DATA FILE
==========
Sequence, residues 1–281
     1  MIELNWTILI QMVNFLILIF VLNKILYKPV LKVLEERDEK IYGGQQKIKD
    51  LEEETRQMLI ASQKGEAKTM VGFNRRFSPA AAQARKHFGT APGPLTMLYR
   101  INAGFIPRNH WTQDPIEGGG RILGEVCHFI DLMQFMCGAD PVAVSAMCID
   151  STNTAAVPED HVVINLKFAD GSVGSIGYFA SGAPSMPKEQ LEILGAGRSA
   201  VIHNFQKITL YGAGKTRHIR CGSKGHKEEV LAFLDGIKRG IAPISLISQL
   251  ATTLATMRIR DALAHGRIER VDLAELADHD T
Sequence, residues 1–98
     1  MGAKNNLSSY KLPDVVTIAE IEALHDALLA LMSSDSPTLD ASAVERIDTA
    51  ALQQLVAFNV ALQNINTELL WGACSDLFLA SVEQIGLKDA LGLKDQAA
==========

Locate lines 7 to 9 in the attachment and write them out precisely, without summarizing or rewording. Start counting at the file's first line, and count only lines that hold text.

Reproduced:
   251  ATTLATMRIR DALAHGRIER VDLAELADHD T
Sequence, residues 1–98
     1  MGAKNNLSSY KLPDVVTIAE IEALHDALLA LMSSDSPTLD ASAVERIDTA